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Archived: Abington View Good

This service is now registered at a different address - see new profile


Inspection carried out on 21 June 2017

During a routine inspection

Abington View is registered to provide accommodation and personal care for up to 3 people who have an acquired brain injury. There were 3 people living at the home at the time of this inspection. At the last inspection, in May 2015, the service was rated Good. At this inspection we found that the service remained Good.

People continued to receive safe care. Staff were appropriately recruited and there were enough staff to provide care and support to meet people’s needs. People were consistently protected from the risk of harm and received their prescribed medicines safely.

The care that people received continued to be effective. Staff had access to the support, supervision, training and on-going professional development that they required to carry out their roles. People were supported to maintain good health and nutrition.

People developed positive relationships with the staff who were caring and treated people with respect, kindness and courtesy. People had detailed personalised plans of care in place to enable staff to provide consistent care and support in line with people’s personal preferences. People knew how to raise a concern or make a complaint and the provider had implemented effective systems to manage any complaints that they may receive.

The service had a positive ethos and an open culture. The registered manager was a positive role model in the home. People and staff told us that they had confidence in the manager’s ability to provide consistently high quality managerial oversight and leadership to the home.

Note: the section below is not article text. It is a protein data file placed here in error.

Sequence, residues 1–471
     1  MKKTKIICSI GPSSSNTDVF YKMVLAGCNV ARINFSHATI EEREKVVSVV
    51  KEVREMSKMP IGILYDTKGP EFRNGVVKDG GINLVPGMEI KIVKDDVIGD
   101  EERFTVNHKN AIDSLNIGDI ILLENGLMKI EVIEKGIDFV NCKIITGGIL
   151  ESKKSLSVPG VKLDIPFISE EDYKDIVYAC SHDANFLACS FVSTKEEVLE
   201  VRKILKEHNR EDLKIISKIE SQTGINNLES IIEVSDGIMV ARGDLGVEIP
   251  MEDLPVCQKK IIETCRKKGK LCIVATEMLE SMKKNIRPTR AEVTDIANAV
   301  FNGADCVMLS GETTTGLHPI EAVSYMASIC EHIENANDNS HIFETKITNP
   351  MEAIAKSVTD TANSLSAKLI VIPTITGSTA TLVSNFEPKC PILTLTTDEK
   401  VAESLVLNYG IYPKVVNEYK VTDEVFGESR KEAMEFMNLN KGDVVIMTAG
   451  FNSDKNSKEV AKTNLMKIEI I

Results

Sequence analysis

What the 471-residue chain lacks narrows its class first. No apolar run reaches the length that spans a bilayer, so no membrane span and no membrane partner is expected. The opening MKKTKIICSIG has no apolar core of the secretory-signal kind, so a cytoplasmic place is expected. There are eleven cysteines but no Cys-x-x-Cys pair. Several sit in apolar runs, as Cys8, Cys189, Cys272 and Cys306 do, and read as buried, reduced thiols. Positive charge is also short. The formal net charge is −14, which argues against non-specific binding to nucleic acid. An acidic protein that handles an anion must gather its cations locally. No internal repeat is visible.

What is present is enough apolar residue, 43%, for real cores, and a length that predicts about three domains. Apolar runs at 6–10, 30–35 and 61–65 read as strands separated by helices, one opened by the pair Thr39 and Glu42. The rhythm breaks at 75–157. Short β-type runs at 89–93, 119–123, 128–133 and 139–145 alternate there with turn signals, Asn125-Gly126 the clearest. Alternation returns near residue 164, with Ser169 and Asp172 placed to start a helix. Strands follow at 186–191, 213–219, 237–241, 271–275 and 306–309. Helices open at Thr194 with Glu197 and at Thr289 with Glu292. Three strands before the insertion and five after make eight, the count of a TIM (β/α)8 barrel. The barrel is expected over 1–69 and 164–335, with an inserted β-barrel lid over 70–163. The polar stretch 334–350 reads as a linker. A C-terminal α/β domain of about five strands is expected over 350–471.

Inspection carried out on 20 May 2015

During a routine inspection

This unannounced inspection took place on 20 May 2015. The home provides support for up to three people with acquired brain injuries or neurological conditions. The homes focus is on rehabilitation and people are supported by an integrated care pathway through all stages of the rehabilitation. At the time of the inspection there were two people living at the home.

There was a registered manager in post. ‘A registered manager is a person who has registered with the Care Quality Commission to manage the service. Like registered providers, they are ‘registered persons’. Registered persons have legal responsibility for meeting the requirements in the Health and Social Care Act 2008 and associated Regulations about how the service is run.’

People were cared for by a multi-disciplinary staff team that knew them well and understood their needs and rehabilitation goals. There were robust and effective recruitment processes in place so that people were supported by staff of a suitable character. Staffing numbers were sufficient to meet the needs of the people who used the service and staff received regular and specialised training to meet the needs of the people they supported.

Staff were knowledgeable about their roles and responsibilities and had the skills, knowledge and experience required to support people with their care and support needs. Medicines were stored and administered safely. People received their medicines when they needed them.

People were actively involved in decision about their care and support needs There were formal systems in place to assess people’s capacity for decision making under the Mental Capacity Act 2005 and Deprivation of Liberty Safeguards (DoLS). People received a detailed assessment of risk relating to their care and staff understood the measures they needed to take to manage and reduce the risks. People felt safe and there were clear lines of reporting safeguarding concerns to appropriate agencies and staff were knowledgeable about safeguarding adults.

Care plans were in place detailing how people wished to be supported and people were involved in making decisions about their care. People participated in a range of activities both in the home and in the community and received the support they needed to help them do this. People were able to choose where they spent their time and what they did.

Staff had good relationships with the people who lived at the home. Staff were aware of how to support people to raise concerns and complaints and the manager learnt from complaints and suggestions and made improvements to the service. The registered manager was visible and accessible. Staff and people living in the home were confident that issues would be addressed and any concerns they had would be listened to.